Find Common Ground

 

The more your communications with your donors reflect the various components of a friendship, the better able you will be to relate to your donor — the better able your donor will be to relate to you — and the greater the level of your donor’s response to your appeals for support.

One of these components is commonality. Certain things are true of everyone. All human beings — certainly most adults in our Western culture — share certain experiences.

Donor communications should refer to common, everyday occurrences. It’s only logical: the fewer everyday experiences two people share in common, the less likely they are to form a deep and abiding friendship.

The ministry principal signing the letter needs to become, in the donor’s mind, a regular, everyday person. “I was stuck in traffic the other day, and….” You share certain human interests and concerns with your donors, simply because you’re both people. Talk to your donor about your family, or your car breaking down, or your dog dying, and you’ll have the donor’s interest — because you’re on common ground with her.

Relationship Leads to Response

 

Avoid isolating your donors. You must establish and cultivate a relationship with them if you want them to stick with you for the long haul. Relationship is an essential component of response. How, after all, does response occur? Let’s observe the process backwards, to see where the donor’s response came from:

The buyer buys. That’s RESPONSE.

What did it take for the buyer to buy? It took CONVICTION.

By what process did the buyer come to such a conviction? It was the process of PERSUASION.

By what means did that process of persuasion take place? It took place by way of COMMUNICATION.

How did it happen that the buyer allowed the communication to continue? Answer: There was RELATIONSHIP.

Again, relationship is an essential component of response.

Think like a Donor

 

Why do so many donors decline to give to your ministry in any given month? Perhaps your requests for help seem compelling to you — but are uninteresting to the donor. The deadliest words ever spoken in a ministry marketing meeting are: “Here’s something really interesting!”

Those of us who live in the rarefied atmosphere of ministry marketing, locked in a world of ministry employees, with nary a “civilian” to be found, come to be fascinated by our own ministry programs — but wrongly think of them as fascinating to donors.

We are fascinated, not fascinating. Our donors have different needs, motives, and priorities than we do.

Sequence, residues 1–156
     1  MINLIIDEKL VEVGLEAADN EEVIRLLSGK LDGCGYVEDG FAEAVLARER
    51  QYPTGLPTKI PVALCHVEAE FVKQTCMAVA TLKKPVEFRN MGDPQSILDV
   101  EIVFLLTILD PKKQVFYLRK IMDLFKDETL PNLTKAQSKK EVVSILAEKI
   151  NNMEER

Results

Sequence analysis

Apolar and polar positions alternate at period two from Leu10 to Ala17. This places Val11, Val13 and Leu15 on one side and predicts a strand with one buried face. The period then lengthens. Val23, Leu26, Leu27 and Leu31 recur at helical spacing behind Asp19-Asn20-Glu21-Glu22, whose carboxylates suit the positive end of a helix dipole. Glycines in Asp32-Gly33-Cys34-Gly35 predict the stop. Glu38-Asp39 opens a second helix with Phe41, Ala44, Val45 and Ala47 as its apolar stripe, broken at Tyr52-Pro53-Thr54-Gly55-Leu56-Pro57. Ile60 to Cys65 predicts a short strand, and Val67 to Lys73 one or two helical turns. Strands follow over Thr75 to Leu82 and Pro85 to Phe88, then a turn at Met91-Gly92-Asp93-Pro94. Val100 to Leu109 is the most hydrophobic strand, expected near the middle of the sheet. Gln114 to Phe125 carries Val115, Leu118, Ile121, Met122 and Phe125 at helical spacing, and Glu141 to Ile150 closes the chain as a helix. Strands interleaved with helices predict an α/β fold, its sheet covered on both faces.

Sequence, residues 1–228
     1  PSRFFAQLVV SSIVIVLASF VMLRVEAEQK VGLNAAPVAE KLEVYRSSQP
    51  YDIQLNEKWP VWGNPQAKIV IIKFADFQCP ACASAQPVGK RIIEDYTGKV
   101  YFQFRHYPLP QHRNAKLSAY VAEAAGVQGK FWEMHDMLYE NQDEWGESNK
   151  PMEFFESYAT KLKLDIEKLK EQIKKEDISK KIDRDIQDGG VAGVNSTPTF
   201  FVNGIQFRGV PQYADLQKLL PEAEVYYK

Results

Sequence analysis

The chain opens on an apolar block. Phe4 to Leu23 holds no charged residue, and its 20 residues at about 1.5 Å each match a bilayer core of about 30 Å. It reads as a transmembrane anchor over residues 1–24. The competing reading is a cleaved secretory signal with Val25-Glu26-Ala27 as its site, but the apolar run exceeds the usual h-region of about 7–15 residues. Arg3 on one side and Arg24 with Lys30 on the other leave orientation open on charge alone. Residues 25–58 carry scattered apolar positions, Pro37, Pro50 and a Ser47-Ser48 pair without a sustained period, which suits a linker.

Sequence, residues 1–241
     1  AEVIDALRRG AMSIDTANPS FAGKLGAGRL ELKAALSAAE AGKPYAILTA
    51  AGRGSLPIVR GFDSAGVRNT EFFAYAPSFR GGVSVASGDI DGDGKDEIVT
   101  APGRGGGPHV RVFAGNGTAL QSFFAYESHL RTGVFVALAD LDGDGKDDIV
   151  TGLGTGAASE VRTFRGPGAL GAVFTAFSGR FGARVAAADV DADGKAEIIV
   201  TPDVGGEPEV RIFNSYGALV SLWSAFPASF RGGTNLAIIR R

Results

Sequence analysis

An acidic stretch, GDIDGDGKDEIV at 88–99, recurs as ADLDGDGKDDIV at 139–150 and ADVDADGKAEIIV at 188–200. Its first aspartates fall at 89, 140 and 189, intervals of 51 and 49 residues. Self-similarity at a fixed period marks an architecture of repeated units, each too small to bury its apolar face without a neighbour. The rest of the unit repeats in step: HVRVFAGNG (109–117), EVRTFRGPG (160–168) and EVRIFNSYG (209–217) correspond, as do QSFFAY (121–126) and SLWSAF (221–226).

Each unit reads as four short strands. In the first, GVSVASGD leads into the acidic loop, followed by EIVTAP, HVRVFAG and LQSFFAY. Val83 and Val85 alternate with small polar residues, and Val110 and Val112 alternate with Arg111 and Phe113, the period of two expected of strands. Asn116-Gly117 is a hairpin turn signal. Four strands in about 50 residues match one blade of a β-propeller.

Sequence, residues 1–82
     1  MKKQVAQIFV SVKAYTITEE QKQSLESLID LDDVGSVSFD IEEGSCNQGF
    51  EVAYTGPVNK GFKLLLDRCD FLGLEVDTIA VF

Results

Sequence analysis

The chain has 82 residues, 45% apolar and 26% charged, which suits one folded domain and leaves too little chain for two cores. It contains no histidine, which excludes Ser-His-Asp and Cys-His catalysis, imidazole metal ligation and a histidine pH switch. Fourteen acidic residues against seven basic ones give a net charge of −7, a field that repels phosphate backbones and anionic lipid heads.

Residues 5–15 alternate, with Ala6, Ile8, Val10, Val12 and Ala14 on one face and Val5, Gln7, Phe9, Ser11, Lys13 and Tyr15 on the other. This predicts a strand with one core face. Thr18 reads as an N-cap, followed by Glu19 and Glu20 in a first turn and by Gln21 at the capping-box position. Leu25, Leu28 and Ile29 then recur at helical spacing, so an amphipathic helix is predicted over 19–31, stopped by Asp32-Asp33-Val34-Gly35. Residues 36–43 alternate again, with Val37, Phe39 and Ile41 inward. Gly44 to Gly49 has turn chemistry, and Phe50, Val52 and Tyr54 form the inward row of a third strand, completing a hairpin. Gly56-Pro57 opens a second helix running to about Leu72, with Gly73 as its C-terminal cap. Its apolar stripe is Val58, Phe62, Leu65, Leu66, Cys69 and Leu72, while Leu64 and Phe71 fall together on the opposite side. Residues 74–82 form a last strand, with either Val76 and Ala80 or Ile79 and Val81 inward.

When you take a long, hard look at how many donors don’t respond to your requests for financial support, you may be forced to come to terms with the fact that you haven’t made the difficult leap to thinking like a donor as you construct your appeals for support. Perhaps you don’t have a handle on your donors’ real needs, motives, and priorities.

Don’t “Divide and Conquer”

 

Does your ministry suffer from the Divided and Conquered Syndrome?

When a Christian organization sees its ministry and its marketing as separate things, that schizophrenia often grows into (or out of) an even more fractured environment.

A ministry can become a virtual war zone, with board members maneuvering for position and power … or the leader and executive staff regarding each other as adversaries … or the staff holding the leadership up to secret scorn … or the development agency and employees viewing each other as morons.

Fractious staffs are tragically commonplace in Christian organizations. In these ministries, not only have marketing and ministry come to be regarded as separate things, but each function of the ministry — each department, each office — has evolved into a miniature “state” all its own.

In such Balkanized organizations, frustration runs high, efficiency runs low, and both the quantity and the quality of the ministry itself suffer grievously.

The Community-of-Specialists Model

As important as the ideas of “community” and “unity” are to a ministry, equally important is the fact that each member of the ‘body’ or ministry, has a specialty.

Everyone is united, but each devotes himself to his own calling — for maximum efficiency and ministry productivity.

The truth is this: When one member of the body tries to do another’s job, disaster’s ahead. When a ministry worker at any level gets into an operation where he has no business, feelings can easily get hurt — and the ministry itself gets hurt.

Failure to work by the community-of-specialists model dooms your organization to inefficiency. Employees duplicate each other’s efforts. Some do what could be done — should be done — faster or better by others. Overworked workers don’t get the essentials accomplished, or miss deadlines. Costs go up. Net return goes down. And the pressure inevitably goes up on your marketing effort.

Don’t allow ‘masochism’ to destroy your ministry from the inside out!

 

18 Jan 2018

Stay focused!…

Stay focused!

When it comes to asking your donors for help, you must “stay on message.” If you’re not getting enough response from your target audience, it may be because your messages to them are all over the map.

In today’s frenzied marketplace, with a zillion messages zinging through every donor’s life every day, you need a message that communicates the unique mission of your ministry. Here are four critical guidelines to follow:

  •  Your message needs to be a single, simple thought.
  •  Your message will need to be something you can live with for a long time, because you will need to communicate it to your  donor frequently.
  •  Your message must be expressed in terms the donor understands.
  •  Your message must count to the donor

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